THE success of the alcopops tax in cutting teen drinking could be used as a model to introduce a minimum price on all alcoholic beverages, drug and alcohol experts suggest.
A study of the effects of the three-year-old alcopops tax by an alliance of representatives from the Alcohol Advisory Group, National Drug Research Council and academics has found teenagers are drinking less as a result.
They used the findings to ramp up calls for the federal government to set a minimum price for all alcoholic drinks, arguing that teenagers are not the only ones indulging in excess drinking.
“If a pricing strategy is to be used to reduce the hazardous consumption and harm – and it is clear that price is the most effective and cost-effective measure we can use – a comprehensive approach is preferable,” the groups wrote in an article published by the Medical Journal of Australia.
“It should cover all products and aim to reduce the ability of industry to promote cheaper alternatives.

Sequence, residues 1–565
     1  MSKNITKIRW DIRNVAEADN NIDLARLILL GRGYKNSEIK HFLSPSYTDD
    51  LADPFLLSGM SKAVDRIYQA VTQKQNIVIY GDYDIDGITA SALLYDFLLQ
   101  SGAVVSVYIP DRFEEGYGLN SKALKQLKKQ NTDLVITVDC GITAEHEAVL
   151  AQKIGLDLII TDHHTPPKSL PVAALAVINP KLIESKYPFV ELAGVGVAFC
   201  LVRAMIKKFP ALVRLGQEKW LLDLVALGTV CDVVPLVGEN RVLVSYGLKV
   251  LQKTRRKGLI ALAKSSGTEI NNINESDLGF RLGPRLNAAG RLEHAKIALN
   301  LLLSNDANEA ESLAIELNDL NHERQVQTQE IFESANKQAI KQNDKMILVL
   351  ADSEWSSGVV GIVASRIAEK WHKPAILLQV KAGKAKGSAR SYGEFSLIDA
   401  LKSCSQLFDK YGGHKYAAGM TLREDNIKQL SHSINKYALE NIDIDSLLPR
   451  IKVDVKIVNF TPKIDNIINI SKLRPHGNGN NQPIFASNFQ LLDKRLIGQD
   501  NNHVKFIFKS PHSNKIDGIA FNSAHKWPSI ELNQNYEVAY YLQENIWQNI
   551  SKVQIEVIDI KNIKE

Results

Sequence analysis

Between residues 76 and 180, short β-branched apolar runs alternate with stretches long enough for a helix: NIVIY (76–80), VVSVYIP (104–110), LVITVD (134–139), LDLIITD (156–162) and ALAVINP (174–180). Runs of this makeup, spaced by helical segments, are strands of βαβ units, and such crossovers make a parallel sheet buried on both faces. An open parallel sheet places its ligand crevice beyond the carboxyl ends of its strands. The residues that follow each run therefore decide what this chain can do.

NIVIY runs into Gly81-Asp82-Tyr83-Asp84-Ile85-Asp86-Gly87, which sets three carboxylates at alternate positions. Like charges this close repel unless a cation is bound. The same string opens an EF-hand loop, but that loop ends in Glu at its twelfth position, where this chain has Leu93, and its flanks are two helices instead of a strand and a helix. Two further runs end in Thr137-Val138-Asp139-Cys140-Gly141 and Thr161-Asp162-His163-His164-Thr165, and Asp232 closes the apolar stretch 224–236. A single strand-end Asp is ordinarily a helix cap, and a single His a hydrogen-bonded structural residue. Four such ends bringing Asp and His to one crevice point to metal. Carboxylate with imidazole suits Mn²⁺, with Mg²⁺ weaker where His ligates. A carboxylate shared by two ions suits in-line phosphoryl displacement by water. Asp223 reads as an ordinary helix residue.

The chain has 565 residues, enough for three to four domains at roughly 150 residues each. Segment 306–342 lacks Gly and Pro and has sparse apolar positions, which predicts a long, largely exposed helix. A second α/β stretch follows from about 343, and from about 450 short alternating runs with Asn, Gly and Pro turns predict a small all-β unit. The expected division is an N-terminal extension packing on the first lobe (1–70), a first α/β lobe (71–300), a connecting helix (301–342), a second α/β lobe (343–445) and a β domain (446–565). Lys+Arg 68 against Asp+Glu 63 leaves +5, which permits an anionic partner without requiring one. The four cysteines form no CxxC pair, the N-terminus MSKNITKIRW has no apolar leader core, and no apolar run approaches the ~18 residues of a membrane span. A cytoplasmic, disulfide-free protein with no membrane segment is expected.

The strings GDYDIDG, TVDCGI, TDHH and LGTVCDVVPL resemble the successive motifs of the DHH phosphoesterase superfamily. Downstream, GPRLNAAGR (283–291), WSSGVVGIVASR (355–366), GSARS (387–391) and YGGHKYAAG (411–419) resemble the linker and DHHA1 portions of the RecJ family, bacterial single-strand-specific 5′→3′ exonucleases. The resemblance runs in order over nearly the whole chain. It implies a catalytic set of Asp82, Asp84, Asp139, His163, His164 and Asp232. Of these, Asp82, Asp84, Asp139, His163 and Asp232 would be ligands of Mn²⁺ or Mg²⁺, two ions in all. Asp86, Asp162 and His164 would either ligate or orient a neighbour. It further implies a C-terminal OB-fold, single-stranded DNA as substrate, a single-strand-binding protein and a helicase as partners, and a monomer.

“This should include a comprehensive graduated volumetric taxation system that covers all types of alcoholic beverages and is informed by the relationship between consumption of these products and consequent harm.
“Setting a minimum price per standard drink would curtail the alcohol industry’s ability to discount prices to increase sales and to shift consumers to cheaper alternatives.”
Research by the groups found that the alcopops tax, introduced in 2008, pushed the sale of the popular drinks down by more than 30 per cent in a year.
While sales of other spirits rose in the same period, the increase accounted for less than half the fall in alcopop sales.
The groups also pointed to the 2008 alcohol and drug survey of teenagers which showed that while the tax had not changed their preference for alcopops, the number of teen drinkers fell 27 per cent in three years.
“Is the alcopops tax working? To the extent possible, probably yes in that (alcopops) are not the only beverage of concern and young drinkers and teenagers are not the only Australians being harmed by drinking,” they wrote.
“The government acted wisely to introduce the alcopops tax but it was by no means enough.
“In the face of thousands of deaths and over $15 billion in social and economic costs each year, our political leaders need to do more to address the unacceptable harm that alcohol continues to cause our society.”
The government has been facing growing calls to lift the price of alcohol.
The National Alliance for Action on Alcohol, an alliance of 22 health and medical groups, earlier this month met MPs and senators to lobby for alcohol price reform and for the issue to be discussed at the government’s October tax summit.
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